A Note About Comparisons

I thought it would be good to continue on the theme presented by Yohei last month and show one of the more subtle bugs I have encountered.

Suppose you need to write a “between” function that returns True if and only if x is between a minimum and a maximum value. Consider the two possible implementations of the function:

    def between_0(x, minimum, maximum):
      if x >= minimum and x <= maximum:
        return True
        return False

    def between_1(x, minimum, maximum):
      if x < minimum or x > maximum:
        return False
        return True

Would you:

  1. Choose the first implementation
  2. Choose the second implementation
  3. Choose either because they are logically equivalent

At this point I hope that you trust my ability to select an interesting topic enough to not choose 3 even though De Morgan’s Law might convince you they are. To help illustrate the difference between 1 and 2 let’s look at a unit test for this function that we might want to use:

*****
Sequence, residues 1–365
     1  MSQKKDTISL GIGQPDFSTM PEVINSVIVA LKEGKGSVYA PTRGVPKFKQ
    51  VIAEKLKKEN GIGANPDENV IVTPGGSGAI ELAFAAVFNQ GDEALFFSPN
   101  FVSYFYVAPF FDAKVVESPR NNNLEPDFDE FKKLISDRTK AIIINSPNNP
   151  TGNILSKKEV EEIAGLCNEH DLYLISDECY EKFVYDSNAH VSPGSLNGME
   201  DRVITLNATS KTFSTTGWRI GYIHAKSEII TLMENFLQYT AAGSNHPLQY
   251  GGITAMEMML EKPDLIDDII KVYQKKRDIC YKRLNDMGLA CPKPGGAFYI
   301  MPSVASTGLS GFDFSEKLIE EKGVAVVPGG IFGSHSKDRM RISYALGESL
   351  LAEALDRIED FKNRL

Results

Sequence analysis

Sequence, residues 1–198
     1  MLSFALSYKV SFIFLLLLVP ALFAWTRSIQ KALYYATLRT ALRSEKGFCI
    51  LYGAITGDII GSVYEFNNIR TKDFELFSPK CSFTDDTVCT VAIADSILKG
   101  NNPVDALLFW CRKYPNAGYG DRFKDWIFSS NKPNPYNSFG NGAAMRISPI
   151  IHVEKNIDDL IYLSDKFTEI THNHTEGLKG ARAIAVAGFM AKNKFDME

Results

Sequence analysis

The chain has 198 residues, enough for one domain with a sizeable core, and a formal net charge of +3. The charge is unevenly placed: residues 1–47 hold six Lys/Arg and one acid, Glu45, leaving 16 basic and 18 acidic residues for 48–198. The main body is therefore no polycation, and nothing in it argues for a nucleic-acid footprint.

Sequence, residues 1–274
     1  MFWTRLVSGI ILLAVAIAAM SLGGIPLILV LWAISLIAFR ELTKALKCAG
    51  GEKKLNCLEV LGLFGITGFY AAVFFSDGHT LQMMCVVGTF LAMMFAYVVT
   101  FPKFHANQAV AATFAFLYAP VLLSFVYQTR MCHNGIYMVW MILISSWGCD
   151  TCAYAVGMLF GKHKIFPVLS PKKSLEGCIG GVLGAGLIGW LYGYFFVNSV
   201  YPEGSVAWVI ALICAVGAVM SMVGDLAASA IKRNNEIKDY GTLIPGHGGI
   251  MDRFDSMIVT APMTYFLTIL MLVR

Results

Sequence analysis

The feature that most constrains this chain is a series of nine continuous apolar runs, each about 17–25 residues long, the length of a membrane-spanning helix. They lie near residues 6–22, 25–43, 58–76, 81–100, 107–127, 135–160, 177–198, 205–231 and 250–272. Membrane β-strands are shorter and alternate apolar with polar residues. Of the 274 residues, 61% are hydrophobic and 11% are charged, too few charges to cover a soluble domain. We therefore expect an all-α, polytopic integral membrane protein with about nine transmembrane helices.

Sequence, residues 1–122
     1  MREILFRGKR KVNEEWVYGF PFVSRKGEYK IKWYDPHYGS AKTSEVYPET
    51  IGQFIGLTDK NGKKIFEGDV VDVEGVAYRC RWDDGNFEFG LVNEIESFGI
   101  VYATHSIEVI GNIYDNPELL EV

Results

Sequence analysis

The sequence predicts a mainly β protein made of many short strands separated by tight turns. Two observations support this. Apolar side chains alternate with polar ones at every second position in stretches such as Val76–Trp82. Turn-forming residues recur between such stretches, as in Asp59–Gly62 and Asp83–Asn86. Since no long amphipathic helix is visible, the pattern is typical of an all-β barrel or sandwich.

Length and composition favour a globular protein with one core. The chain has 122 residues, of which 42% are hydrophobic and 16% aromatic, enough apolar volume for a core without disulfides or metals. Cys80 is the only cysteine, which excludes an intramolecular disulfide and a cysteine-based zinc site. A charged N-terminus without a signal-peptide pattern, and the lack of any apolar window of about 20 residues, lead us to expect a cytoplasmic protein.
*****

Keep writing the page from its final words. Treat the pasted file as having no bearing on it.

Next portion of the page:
def test_nan_not_between():
      result = between(float('nan'), 1, 10)
      assert result == False

float('nan') here is a special floating point value called “Not a Number“, commonly written as NaN and essentially defined as the result of several arithmetic operations not having numeric results. NaN has a very odd status: logically speaking it is considered incomparable to numeric floating point values but the floating point standard dictates that rather than those comparisons resulting in an error, they return False. An unfortunate consequence of this behavior is that unlike most comparable types, for floating-point numbers <= is not the logical negation of >.

Getting back to the question of which of the two implementations to choose, we can see with our understanding of NaN that the test will pass the between_0 and fail between_1 and so we should definitely not use between_1.

It is very easy to forget about this very odd interaction and I’m sure this small error has been repeated many times. I even encountered a variant of this bug in the C# testing library’s assertAreEqual function that caused my tests to incorrectly pass erroneous results involving NaNs.

This is just one of many complications of dealing with floating-point numbers. Keep it in mind when writing functions (and tests) that must deal with them.


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